The Food and Drug Administration has been testing dietary supplements for years. “From 2007 through 2016, 776 adulterated dietary supplements were identified by the FDA and 146 different dietary supplement companies were implicated.” The FDA sent more than 700 warning letters to such manufacturers because the agency had detected undeclared and potentially harmful drugs in them. One might hope that the FDA would have eliminated all dietary supplements contaminated with drugs. Such is not the case.
A New Study of Dietary Supplements Contaminated with Pharmaceuticals:
California investigators discovered a shocking number of dietary supplement manufacturers have continued to adulterate their products with pharmaceutical ingredients (JAMA Network Open, Oct. 12, 2018). The researchers reviewed the database of Tainted Products Marketed as Dietary Supplements. They found that the majority of such contaminated supplements were being marketed for sexual performance, weight loss or muscle building.
Contaminated with Sildenafil (Viagra):
Approximately 80 percent of these products contained one illicit ingredient; the remaining 20 percent contained two or more hidden drugs. The vast majority of tainted supplements sold for sexual enhancement contained sildenafil or a similar compound. This could be a problem, because sildenafil (also known by its brand name Viagra) can interact in dangerous ways with other medications. Men should not be taking it unknowingly, as this could put them at risk.
Contaminated with Sibutramine:
Many of the contaminated weight loss supplements contained sibutramine or phenolphthalein, drugs that were removed from the US market because of unacceptably risky side effects. Phenolphthalein is a laxative and is considered a carcinogen (Cancer Research, Nov. 1, 1996). The investigators warn that such deliberately adulterated products pose a serious public health risk, both alone and in combination with other medicines a consumer may be taking.
Should You Worry?
We suspect that most of our readers are not taking dietary supplements contaminated with drugs. We just don’t get a lot of questions about dietary supplements sold to enhance sexual performance, build muscle or help with weight loss.
That has not stopped the headline writers from scaring readers with headlines that dietary supplements could contain steroids, Viagra or something far worse. It’s not surprising.
The authors of the JAMA Network Open article introduced their research this way:
“In the United States, more than 50% of adults consume dietary supplements, fueling a $35 billion industry. Dietary supplements include vitamins, minerals, botanicals, amino acids, and enzymes that according to the US Food and Drug Administration (FDA) are not intended to treat or prevent disease.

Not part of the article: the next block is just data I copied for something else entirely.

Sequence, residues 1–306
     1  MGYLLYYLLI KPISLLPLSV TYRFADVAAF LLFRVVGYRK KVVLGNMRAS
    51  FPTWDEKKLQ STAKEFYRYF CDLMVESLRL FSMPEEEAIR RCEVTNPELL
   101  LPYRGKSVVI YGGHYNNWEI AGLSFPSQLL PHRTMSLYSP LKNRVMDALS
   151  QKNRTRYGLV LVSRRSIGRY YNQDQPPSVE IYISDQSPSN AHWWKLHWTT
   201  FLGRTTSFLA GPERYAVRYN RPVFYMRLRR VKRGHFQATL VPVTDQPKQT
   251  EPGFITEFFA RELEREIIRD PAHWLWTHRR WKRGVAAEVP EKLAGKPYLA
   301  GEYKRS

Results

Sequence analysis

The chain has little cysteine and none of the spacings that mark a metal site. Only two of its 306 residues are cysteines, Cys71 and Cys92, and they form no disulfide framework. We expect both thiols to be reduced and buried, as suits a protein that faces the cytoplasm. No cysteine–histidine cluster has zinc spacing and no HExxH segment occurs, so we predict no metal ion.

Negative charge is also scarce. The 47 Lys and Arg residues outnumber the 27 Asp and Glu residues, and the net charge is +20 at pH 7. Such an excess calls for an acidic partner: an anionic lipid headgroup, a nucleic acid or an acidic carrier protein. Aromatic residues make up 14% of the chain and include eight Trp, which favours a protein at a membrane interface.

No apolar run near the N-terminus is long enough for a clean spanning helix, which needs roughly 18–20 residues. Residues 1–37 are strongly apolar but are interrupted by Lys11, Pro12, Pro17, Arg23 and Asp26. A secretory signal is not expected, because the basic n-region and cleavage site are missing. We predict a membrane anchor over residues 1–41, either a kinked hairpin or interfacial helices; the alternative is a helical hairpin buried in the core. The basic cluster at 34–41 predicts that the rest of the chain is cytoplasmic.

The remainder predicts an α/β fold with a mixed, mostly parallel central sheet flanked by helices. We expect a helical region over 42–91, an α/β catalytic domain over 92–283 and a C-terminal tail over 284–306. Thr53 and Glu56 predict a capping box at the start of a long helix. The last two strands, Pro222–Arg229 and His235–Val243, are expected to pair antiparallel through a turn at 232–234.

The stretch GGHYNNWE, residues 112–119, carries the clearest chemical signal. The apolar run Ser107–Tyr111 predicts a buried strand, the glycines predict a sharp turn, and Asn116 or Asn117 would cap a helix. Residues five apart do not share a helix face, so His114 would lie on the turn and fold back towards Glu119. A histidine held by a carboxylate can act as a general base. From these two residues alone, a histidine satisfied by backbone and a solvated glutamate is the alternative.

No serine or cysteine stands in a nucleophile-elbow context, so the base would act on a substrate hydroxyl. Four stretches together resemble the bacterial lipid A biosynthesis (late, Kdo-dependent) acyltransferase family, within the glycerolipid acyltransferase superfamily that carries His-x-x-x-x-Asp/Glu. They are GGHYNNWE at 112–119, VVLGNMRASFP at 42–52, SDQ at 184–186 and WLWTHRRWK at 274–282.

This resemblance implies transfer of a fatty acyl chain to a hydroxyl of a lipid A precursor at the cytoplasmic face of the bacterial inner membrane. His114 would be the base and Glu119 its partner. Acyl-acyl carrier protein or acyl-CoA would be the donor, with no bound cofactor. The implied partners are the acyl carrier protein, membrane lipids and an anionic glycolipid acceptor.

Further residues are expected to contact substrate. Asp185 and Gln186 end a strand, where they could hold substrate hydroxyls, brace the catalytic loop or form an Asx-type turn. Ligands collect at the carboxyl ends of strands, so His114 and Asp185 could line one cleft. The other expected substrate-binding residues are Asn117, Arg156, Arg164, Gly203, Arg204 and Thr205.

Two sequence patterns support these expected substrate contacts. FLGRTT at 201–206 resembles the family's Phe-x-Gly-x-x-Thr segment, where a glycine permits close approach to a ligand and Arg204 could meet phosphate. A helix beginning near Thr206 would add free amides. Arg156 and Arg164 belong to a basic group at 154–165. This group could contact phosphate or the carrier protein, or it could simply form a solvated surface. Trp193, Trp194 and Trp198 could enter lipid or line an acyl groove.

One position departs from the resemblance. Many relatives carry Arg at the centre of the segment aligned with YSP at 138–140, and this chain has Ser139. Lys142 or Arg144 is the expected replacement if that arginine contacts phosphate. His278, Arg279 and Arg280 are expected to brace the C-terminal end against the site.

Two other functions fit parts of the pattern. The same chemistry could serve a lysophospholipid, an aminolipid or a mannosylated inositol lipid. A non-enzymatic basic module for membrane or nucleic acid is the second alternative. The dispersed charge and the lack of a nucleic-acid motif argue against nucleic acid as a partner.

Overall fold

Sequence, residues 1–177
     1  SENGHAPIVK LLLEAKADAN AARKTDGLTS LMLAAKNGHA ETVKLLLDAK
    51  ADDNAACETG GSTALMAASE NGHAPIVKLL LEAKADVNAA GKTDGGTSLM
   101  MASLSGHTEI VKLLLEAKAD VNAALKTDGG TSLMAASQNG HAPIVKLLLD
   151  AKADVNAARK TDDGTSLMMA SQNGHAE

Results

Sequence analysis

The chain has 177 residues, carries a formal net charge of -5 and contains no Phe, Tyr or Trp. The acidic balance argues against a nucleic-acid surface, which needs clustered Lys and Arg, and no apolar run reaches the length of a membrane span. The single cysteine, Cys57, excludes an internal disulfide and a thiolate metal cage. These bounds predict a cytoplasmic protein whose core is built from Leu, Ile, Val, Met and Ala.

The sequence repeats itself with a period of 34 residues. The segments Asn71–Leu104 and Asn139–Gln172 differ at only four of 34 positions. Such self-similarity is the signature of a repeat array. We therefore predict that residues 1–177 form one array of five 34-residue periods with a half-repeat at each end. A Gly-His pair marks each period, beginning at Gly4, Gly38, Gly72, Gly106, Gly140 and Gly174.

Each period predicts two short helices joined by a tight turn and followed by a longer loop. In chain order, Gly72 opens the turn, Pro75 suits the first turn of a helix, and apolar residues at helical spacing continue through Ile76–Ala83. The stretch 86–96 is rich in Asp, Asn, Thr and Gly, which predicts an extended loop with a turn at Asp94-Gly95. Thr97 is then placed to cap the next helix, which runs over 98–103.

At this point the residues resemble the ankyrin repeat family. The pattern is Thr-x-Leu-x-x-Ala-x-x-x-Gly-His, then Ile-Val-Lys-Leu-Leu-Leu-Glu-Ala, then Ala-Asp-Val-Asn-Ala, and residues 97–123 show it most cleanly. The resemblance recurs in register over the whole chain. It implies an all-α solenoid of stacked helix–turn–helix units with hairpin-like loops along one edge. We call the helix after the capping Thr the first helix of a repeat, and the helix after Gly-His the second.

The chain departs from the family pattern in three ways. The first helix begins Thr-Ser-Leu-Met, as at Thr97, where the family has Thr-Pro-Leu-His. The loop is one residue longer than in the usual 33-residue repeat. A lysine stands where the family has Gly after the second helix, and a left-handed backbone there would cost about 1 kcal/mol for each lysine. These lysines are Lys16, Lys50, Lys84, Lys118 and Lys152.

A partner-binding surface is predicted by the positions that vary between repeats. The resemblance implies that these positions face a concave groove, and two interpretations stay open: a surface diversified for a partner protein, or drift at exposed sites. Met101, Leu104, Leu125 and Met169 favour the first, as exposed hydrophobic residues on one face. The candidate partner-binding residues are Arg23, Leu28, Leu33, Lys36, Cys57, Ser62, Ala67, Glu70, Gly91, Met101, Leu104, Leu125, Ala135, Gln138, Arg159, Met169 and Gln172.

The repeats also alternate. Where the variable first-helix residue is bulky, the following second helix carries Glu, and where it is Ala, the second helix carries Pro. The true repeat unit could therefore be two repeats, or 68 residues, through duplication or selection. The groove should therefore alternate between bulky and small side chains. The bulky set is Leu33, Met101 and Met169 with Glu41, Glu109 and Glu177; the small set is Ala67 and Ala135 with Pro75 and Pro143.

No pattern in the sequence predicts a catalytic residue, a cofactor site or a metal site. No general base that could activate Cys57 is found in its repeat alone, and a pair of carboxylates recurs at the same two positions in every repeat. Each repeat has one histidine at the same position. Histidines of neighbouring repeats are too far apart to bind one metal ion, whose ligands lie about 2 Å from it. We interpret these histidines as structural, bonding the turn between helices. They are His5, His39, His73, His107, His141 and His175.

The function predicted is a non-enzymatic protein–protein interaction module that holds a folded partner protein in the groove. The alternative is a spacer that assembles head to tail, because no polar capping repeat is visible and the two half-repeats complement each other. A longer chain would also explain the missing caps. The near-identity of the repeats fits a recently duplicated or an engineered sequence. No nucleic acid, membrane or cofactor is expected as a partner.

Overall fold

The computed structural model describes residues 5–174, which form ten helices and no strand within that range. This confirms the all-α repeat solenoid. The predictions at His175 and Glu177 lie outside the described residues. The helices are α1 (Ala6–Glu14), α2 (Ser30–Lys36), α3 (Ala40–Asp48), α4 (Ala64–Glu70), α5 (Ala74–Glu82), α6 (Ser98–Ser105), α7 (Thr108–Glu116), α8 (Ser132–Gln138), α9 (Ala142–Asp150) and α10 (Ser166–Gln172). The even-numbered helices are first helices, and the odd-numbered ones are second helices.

“One study found that dietary supplement use was associated with 23 000 emergency department visits and 2000 hospitalizations in the United States each year. Serious adverse events reported with the use of dietary supplements include stroke, acute liver injury, kidney failure, pulmonary embolisms, and death.”
The trouble with this scary introduction is that it implies that all dietary supplements are potentially dangerous. Yet what they were looking for and testing were from the FDA Tainted Supplement database specifically relating to dicey sex enhancers, weight loss products and muscle building agents.
What People’s Pharmacy Readers Care About:
Our readers want to know about vitamin D3, glucosamine and chondroitin, CoEnzyme Q10, turmeric (curcumin), fish oil, probiotics, resveratrol and magnesium. The researchers did not investigate these kinds of dietary supplements. We think they have unnecessarily scared millions of people into thinking that their curcumin or CoQ10 could be contaminated with nasty drugs.
Are Your Dietary Supplements Contaminated with Drugs?
Sadly, the FDA does not test most dietary supplements for contamination. That means you don’t know how pure your vitamin D3 actually is. Ditto for curcumin, CoQ10, alpha lipoic acid, glucosamine, MSM, probiotics or even your multivitamin.
We don’t think you need worry that your supplements might contain drugs. But you have no way of knowing if there are other impurities. You also don’t know if the products contain the active ingredients in the amounts listed on the label.
Since the FDA does not test most dietary supplements sold in the U.S., is there any place you can check? The only lab that we know that tests a wide range of dietary supplements is ConsumerLab.com. This is not a free service. An annual subscription is $42. We think that cost is justifiable if you are taking dietary supplements and would like to have some inkling of quality.
We wish the FDA were more vigilant when it comes to dietary supplements. Even when the agency knows that there are contaminated sexual enhancers or weight loss products being sold, it does not appear to be capable of getting them off the market. The bottom line is that that in the U.S. there are no guarantees of safety and purity when it comes to such products.
We welcome your thoughts on dietary supplements.